Doctor who never treated a patient got generous marks for 'medical skills'
A medic who was employed as a junior doctor in a busy maternity hospital received generous marks of 55 out of 100 for clinical medical and diagnostic skills at his job interview – despite having no experience of treating patients.
The case of the EU-trained doctor, employed as a senior house officer in the hospital, has again raised serious concerns about gaps in recruitment procedures which allow medics with sub-standard skills to slip through, putting patients at risk.
Health Minister Simon Harris yesterday said he had written to the HSE, seeking an urgent response to the comments by High Court Judge Peter Kelly of “an obvious danger to patients” as he granted an order suspending the doctor.
Mr Justice Kelly wondered how the interview panel concluded the doctor was “short on experience” when actually he had “none at all”.
Mr Harris said he has now asked the HSE to expedite a review of recruitment procedures.
The doctor whose case came up this week was turned down for other posts in hospitals because of lack of experience, and had only ever been an “observer”. But he ended up getting 195 out of 325 possible marks in the interview. Within days, senior doctors became alarmed that he “lacked basic competencies”.
The Medical Council, which regulates doctors and sought the suspension order, said yesterday it could not comment on this specific case.
However, a spokesman said: “The Medical Council shares the concerns raised by Justice Kelly in relation to recruitment of junior doctors with the appropriate levels of experience and qualifications, and we have expressed our concerns to the HSE and medical recruitment companies in the past.”
He said if a doctor is registered, it does not mean they are suitable for every role. “It rests with employers to determine the suitability of a doctor to fulfil the requirements of a post, and to ensure that they are supported and appropriately supervised in their role.”
Due to free movement rules, the same test of knowledge and clinical skills is not required of EU-trained doctors as medics from outside the EU who want to be registered.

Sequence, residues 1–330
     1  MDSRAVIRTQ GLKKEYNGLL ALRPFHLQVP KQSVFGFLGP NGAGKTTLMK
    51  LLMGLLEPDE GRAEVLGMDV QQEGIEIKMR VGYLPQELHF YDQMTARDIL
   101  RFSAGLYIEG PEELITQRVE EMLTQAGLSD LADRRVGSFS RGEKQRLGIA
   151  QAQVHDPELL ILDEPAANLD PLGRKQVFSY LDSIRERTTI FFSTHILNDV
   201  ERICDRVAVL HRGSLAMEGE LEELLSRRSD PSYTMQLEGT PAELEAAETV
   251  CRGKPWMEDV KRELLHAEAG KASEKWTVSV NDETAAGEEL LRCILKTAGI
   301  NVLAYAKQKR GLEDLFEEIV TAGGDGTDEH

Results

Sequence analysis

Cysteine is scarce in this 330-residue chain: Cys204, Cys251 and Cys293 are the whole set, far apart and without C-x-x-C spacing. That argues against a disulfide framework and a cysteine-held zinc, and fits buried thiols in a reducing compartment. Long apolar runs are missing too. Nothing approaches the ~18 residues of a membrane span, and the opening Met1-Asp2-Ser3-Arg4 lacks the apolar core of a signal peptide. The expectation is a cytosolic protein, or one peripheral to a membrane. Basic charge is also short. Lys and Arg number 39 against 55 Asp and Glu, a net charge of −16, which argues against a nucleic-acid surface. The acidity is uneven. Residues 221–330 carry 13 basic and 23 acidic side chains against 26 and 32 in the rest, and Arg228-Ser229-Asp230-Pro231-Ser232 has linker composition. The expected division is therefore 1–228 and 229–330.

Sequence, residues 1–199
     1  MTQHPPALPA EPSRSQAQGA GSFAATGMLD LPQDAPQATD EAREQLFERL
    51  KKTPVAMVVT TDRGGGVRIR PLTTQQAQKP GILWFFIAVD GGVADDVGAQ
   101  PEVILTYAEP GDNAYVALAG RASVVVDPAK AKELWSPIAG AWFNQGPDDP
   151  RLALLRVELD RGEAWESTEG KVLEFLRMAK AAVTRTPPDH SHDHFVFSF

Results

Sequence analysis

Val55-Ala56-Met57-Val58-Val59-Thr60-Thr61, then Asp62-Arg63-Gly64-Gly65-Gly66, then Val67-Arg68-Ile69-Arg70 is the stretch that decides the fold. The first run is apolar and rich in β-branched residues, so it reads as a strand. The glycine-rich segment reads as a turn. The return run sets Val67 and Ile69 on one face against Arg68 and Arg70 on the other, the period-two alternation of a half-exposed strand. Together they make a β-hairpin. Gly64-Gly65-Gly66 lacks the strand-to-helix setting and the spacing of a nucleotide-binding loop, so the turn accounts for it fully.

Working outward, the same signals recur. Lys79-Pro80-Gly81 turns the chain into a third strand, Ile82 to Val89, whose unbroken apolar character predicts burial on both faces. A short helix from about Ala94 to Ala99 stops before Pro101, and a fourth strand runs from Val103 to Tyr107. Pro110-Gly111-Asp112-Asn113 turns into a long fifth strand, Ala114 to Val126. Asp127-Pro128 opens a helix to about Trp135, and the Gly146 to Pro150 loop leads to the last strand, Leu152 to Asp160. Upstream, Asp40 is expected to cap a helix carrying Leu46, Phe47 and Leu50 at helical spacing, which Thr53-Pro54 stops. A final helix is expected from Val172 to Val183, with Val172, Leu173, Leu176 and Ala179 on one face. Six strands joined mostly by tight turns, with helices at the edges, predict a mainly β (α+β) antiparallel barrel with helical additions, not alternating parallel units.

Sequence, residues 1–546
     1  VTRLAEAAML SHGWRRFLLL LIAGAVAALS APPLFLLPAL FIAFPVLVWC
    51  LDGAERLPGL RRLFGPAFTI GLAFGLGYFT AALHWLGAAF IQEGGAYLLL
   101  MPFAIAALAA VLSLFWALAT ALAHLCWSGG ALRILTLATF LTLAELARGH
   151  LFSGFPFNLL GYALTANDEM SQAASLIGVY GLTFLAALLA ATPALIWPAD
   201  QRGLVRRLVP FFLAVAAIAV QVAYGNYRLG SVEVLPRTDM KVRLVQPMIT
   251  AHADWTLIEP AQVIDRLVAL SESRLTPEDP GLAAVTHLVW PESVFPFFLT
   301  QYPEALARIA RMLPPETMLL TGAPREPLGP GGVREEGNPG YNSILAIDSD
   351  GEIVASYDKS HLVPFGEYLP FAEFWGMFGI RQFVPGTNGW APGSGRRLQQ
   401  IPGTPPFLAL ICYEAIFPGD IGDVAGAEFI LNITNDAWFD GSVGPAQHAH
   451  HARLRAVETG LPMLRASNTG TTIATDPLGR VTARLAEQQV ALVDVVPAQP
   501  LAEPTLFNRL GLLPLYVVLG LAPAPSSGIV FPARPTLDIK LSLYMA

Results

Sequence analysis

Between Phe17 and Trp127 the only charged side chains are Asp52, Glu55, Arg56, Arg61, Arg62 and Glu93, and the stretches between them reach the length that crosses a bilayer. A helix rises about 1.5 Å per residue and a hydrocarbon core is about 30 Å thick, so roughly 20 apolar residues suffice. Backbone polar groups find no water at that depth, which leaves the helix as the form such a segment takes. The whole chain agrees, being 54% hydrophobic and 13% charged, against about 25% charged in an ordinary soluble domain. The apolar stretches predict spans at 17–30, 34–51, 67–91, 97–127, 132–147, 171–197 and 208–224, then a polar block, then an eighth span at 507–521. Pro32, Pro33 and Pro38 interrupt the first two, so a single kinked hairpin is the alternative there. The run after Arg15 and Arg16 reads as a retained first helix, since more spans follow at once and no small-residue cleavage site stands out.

Questioned on what kind of safeguards it has in place, the HSE said that recruitment of junior doctors is conducted through the hospitals.
If a candidate reaches the shortlisted stage, they should be “reviewed to ensure that they meet the eligibility criteria for the post” and interviewed by a three-person board. “Each candidate is examined on the core competencies and skills as outlined in the job specification.”
The HSE is currently reviewing its recruitment model “to ensure that it meets the needs of the global competition for talent, together with the future requirements for Sláintecare and ensure compliance with its statutory obligations but also ensuring best practice in its appointment process”.
Asked to comment on the pressures faced by hospitals desperate for medical cover, Dr John Duddy, of the Irish Medical Organisation, said that some hospitals can be desperate to fill senior house office posts. There are particular problems finding these doctors in the area of obstetrics, surgery, anaesthesia and orthopaedics, said Dr Duddy, a trainee neurosurgeon in Cork.
The doctors may have the “bare minimum qualifications” on paper, he said. “So many hospitals are depending on doctors in non-training posts to meet staff rotas and keep the hospital running.” A proper induction programme would attract better doctors, he said.
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